Man accused of trying to burn down B.C. business to receive addiction treatment: judge

Man accused of trying to burn down B.C. business to receive addiction treatment: judge

A Kaslo-area man has been taken into the custody of an alcohol treatment facility while awaiting trial on multiple charges.

A Kelowna judge directed Alejandro Calderon to the VisionQuest Recovery Society’s treatment center near Logan Lake, where he must follow strict rules if he does not want to go to jail. Logan Lake is over 400 kilometers from Kaslo, near Kamloops.

Provincial Court Judge David Ruse made the decision Friday during a remote video bail hearing for Calderon.

Calderon was charged on December 5 after a man got into an altercation with employees at Home Hardware in Kaslo, returned later in the day and smashed the glass in the store’s front door with an axe. While staff were still in the store, the man stuffed a can of gasoline through the broken glass and set it on fire. He was confronted by a passerby, and several other men arrived shortly after and doused the flames.

The store has been closed since the incident.

Calderon was actually out on bail at the time of the incident on an assault charge that resulted from a confrontation with a woman earlier this year. He now faces charges of arson on occupied property in connection with the Home Hardware incident.

“The files before the court are not mere impulsive acts, but appear to be acts which Mr. Calderon commits after some thought,” QC Attorney Ann Lerch said, arguing that Calderon should remain behind bars. “The first is assault by assault [in February] … where he seems upset because he was asked to leave … and that escalates and ends in violence.”

The second indictment, dated December 5, caused even greater concern for the Crown, she said.

“Mr. Calderon is clearly upset that he was denied duty at Home Hardware…and returned a few hours later and acted in a baseless and potentially violent and dangerous manner…it is coincidental that no one was hurt by his actions that day would.”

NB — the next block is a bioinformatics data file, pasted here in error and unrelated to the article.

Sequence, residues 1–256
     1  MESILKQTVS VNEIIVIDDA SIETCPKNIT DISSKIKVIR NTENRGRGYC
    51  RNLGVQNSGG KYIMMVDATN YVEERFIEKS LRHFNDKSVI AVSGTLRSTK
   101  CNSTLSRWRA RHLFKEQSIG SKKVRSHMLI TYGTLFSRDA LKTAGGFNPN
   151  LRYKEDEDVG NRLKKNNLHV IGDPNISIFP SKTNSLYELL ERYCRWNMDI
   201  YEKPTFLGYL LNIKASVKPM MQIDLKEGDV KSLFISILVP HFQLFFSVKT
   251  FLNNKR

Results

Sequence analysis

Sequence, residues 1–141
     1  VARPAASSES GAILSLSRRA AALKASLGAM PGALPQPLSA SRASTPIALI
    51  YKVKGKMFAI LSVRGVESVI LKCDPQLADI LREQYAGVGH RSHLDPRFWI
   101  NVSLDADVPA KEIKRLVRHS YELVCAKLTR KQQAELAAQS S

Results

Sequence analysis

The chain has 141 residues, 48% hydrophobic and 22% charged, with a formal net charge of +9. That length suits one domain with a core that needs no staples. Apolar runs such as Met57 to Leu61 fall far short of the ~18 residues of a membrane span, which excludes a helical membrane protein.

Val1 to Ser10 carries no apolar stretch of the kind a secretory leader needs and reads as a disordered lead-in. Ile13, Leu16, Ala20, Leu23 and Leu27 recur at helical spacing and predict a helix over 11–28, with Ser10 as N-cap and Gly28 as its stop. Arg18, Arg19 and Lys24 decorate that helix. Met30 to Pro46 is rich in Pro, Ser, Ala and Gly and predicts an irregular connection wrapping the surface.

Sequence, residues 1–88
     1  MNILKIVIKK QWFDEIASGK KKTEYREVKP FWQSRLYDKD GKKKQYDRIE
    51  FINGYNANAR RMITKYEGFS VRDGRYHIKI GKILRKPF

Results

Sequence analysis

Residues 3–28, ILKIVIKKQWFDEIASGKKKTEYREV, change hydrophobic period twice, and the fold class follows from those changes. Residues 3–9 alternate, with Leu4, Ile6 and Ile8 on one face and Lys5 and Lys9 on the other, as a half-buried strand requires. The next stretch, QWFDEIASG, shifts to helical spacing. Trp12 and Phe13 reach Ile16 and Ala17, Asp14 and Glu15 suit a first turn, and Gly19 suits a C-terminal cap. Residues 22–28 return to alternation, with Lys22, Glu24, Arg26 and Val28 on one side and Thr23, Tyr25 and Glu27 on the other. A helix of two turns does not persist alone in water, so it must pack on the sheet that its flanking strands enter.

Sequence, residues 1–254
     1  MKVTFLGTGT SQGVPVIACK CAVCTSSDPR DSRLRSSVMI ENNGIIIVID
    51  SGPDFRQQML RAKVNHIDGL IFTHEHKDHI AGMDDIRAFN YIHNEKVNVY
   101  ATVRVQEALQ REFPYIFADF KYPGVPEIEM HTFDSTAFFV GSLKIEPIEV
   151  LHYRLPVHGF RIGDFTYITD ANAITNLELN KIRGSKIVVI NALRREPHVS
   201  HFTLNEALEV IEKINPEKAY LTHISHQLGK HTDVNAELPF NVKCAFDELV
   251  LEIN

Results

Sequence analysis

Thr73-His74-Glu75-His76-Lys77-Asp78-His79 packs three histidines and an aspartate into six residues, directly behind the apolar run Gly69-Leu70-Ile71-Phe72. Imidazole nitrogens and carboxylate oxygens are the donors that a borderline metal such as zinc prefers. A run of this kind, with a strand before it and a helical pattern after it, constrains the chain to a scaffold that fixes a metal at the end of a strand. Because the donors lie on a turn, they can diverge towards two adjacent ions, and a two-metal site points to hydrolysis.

Lerch also noted that Calderon had nine criminal convictions and two peace covenants were served against him.

“The record shows violence in the form of assault, threatening behavior and mischief, as well as a violation of a probation order,” she told the court. “However, I would like to note that this record is relatively short and somewhat outdated. But what is relevant is that the offenses shown here appear to be reflected in the behavior we see today in the file here in court.”

Calderon’s attorney, Don White, said his client had lived in Kaslo since 2017 and felt increasingly isolated after the attack in February 2022 as he was talked about in the small community.

He said Calderon’s problems stemmed from alcohol abuse and that he was a much better person when he was sober.

“All I can say, Your Honor, is that once Mr Calderon had sobered up and had the opportunity to detox, he seemed genuine in his belief that he had been under the fog from his alcohol consumption for about a year .” White told the court that. “He really wants help.”

White noted that if Calderon were allowed to attend treatment at VisionQuest, he would be a long way from the complainants and the store where the incident occurred.

He noted that Calderon also plans to sell his property near Kaslo and move permanently when his treatment at VisionQuest ends in about six months.

Those conditions were met by Judge Ruse, who said the presumption of innocence was essential and the onus was to prove that there was a significant likelihood that Calderon would commit another offense or pose a danger to the public if released.

“Arrest [instead of release on bail] is the exception…” he said. “Mr. White says that this bailout plan will reduce those risks to acceptable levels. I’m inclined to agree.”

Ruse noted that Calderon hasn’t had any problems for five years, “an indication that he’s capable of being in a community without committing a crime.”

“The facility offered is remote, 400 kilometers from the community where Mr. Calderon resides…the area that gave rise to these crimes. And by that I mean his perception of isolation.

“It was designed to solve his addiction problem which if addressed should minimize any problems he is having. For these reasons, I am willing to release him to VisionQuest.”

Arrangements have been made for Calderon to be immediately transferred to the Kamloops Regional Correctional Center for pickup by a VisionQuest representative.

“But I want to be absolutely clear that this has to be a seamless transition,” Ruse warned. “He is to be taken to the VisionQuest facility by a representative of the VisionQuest Recovery Society, and he will not leave that facility until this matter has been addressed through a court hearing or otherwise.”

Calderon must complete any programs given to him at the facility, must not leave the facility without his parole officer’s approval, and must remain sober. He must be unarmed, stay away from accelerant and other fire starters, and have no contact with any Kaslo Home Hardware employee or any of the complainants or witnesses in either of his cases.

Calderon’s next appearance on his recent charges related to the Kaslo Home Hardware incident is January 3 in Nelson. He will then be tried in a Nelson courtroom on January 6 for assault in February.

CORRECTION: A previous version of this story stated that the VisionQuest Recovery Society is located in Savona, BC. The facility is actually located in Logan Lake.


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